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Running the Numbers

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Sonali

New TC faculty member Sonali Rajan employs statistics to identify programs that address overall health in a synergistic way

As a marathon enthusiast – she’s completed six – Sonali Rajan (Ed.D. ’10) can personally attest that she focuses better at work after a solid morning run. But as a behavioral scientist with a particular interest in helping at-risk youth, Rajan, a TC alumna who recently returned to the College as Assistant Professor in the Department of Health and Behavior Sciences, is in constant search of harder evidence connecting the physiological and the behavioral.  

“I like statistics,” says Rajan, who uses numbers to help determine which kinds of health and behavioral interventions are most likely to succeed. “We have many school-based programs and services – very good programs and services – that only target, for example, drug prevention. There’s nothing wrong with that, but realistically we can’t be implementing 12 programs in a day. We need to be addressing the overall quality of health among our kids in a very synergistic way.”  

Rajan coauthored the middle school curriculum for Girls on the Run International, an after-school program that uses this kind of synergistic model.  Volunteer coaches guide young girls, ages 8-13, through a series of lessons about health-related issues such as nutrition and bullying, while also getting their feet moving. In designing the curriculum, Rajan also developed a formative evaluation to help predict instructor adherence to different lessons, then used those results to improve the curriculum for the following year. She sees this kind of data-driven research as essential to designing curricula and improving the efficacy of health education programs and other behavioral interventions.

“We have all these programs, but we’re not making enough headway” against the societal issues they’re designed to address, she says. By using statistical data to inform the development of programs that will address key noncognitive skills (such as decision-making or social and emotional coping mechanisms) in a variety of contexts, Rajan hopes to increase the quality of health, particularly among children and early adolescent youth.

It’s no accident that Rajan takes a synergistic approach to health issues. Her adviser and mentor at TC, Charles Basch, Richard March Hoe Professor of Health Education, has worked for years to coordinate efforts to improve students’ health as a means of overcoming the minority achievement gap (see the story on page 32).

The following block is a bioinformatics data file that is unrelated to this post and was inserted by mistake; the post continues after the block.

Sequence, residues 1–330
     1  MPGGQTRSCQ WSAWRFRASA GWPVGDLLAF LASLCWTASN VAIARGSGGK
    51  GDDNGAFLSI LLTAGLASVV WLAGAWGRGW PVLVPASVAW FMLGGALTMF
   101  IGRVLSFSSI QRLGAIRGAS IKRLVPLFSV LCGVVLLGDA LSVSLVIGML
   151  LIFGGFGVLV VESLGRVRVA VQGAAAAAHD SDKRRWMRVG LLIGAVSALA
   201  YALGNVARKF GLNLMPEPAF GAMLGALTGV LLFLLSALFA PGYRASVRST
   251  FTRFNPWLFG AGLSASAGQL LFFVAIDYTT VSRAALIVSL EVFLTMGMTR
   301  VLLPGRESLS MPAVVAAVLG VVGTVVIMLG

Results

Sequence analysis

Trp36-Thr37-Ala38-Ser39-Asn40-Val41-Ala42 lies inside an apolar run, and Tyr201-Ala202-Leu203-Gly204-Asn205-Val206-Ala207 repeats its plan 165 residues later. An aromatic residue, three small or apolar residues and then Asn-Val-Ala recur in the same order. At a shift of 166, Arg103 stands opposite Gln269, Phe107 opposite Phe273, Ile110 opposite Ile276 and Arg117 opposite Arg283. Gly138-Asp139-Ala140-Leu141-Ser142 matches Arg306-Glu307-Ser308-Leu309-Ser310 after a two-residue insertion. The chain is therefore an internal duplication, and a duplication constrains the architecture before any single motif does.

“My research interests really emerged in working with Chuck,” says Rajan. “We have programs that target so many issues in schools, but the question of how to do it feasibly, which is something he has focused on, is just as important as the programs themselves.”

Following her student days at TC, Rajan completed a postdoctoral fellowship at the National Development and Research Institutes. There she began working with Noelle Leonard, a senior research scientist at the Center for Drug Use and HIV Research at New York University’s College of Nursing, using specially designed wristbands to monitor stress levels in adolescent mothers at risk for a range of parenting issues. When the wearer sweats, the wristband collects data and sends it to a smartphone that then forwards it both to the researchers and to the mothers themselves. This immediate feedback about their stress levels is intended to prompt the young mothers to use stress-reduction techniques they’ve previously learned in 10-week group sessions.

Rajan explains that she and Leonard’s research team are looking to employ interventions that are even more immediate. “We’re testing out a series of them – a text message that has a calming message, a video with a peer saying something encouraging, a picture of their baby sleeping to remind them that this will pass.”

Much of Rajan’s future work will focus on evaluating the feasibility and efficacy of school-based programs that educate teens on noncognitive skills, such as making choices. “The pathologies underlying risky decisions that youth make each day – and how they make them –are very similar across the board,” she explains, “whether they choose to overeat or undereat or engage in substance use or to not use condoms.  At the end of the day, they’re learning to make decisions, and they’re learning how to navigate their world.”

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